Preprint Open Access
A novel coronavirus, SARS-CoV-2 was identified in Wuhan, China. The disease caused by the virus can range in severity from asymptomatic to acute respiratory distress syndrome (ARDS) and death.
Primary dengue infection results in IgE mediated sensitization against dengue virus (DENV) proteins. These IgE bind to receptors on mast cells. Upon subsequent exposure to the antigen recognized by the IgE, mast cell degranulation occurs releasing mediators such as histamine. Therefore secondary dengue infection results in urticaria, increased vascular permeability, hypotension, dengue hemorrhagic fever (DHF) and dengue shock syndrome (DSS). A case of “slow rolling anaphylaxis”.
Since vaccines contain animal proteins derived from animals infected with any number of viral diseases, one could develop IgE mediated sensitization to numerous viral proteins including coronavirus proteins. Therefore, receipt of such vaccines acts like a dengue “primary infection”. It results in IgE mediated sensitization directed against coronavirus proteins. Once sensitized, a SARS-CoV-2 infection therefore now becomes the equivalent of a secondary dengue infection and similarly can have a severe course for the same reason - IgE mediated mast cell degranulation and the immune cascade that follows.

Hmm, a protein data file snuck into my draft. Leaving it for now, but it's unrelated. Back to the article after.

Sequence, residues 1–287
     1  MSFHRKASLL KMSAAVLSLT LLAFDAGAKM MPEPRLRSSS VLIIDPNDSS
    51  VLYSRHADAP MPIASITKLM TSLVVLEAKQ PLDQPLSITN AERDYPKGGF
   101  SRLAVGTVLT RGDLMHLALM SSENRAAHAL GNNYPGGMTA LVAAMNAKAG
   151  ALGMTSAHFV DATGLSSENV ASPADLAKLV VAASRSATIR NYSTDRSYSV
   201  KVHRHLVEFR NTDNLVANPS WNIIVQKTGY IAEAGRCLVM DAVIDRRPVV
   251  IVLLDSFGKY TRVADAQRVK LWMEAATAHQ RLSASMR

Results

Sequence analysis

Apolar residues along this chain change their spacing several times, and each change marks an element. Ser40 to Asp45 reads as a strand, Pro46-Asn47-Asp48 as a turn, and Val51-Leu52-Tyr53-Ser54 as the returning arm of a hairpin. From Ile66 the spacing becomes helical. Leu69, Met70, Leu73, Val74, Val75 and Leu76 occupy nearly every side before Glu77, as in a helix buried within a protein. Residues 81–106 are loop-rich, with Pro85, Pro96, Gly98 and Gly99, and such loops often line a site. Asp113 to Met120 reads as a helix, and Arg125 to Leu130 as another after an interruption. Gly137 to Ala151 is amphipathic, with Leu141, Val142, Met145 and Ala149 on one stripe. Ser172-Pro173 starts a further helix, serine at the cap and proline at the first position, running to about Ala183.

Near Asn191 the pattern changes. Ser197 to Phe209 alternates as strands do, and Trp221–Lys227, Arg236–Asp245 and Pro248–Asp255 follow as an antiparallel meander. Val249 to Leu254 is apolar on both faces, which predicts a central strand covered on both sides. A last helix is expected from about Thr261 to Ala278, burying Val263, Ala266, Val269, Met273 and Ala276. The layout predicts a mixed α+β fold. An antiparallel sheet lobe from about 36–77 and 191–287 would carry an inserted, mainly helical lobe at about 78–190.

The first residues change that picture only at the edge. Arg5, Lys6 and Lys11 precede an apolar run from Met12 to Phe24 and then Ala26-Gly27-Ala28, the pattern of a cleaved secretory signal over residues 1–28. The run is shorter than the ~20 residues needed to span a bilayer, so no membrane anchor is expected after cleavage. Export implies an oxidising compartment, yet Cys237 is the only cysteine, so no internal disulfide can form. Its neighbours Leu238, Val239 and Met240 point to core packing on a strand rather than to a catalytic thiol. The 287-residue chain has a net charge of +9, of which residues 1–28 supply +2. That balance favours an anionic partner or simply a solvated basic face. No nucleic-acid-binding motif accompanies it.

There are many common observations between COVID-19 and dengue. Elevated levels of ferritin, interleukin-6 (IL-6), vascular endothelial growth factor (VEGF), D-dimer, coagulopathy, urticaria and ARDS are reported in both diseases.
There are many indicators that mast cell degranulation and histamine release may have a major role in COVID-19 and dengue severity. Mast cell stabilizers, antihistamines, Vitamin C, HCQ, azithromycin, ivermectin may address different aspects of this cascade and thus reduce disease severity. Disease mechanisms and immunopathology must be understood. Focusing on anti-viral action of drugs alone could be counter productive. For example, CQ had no effect on viraemia but decreased cases of DHF.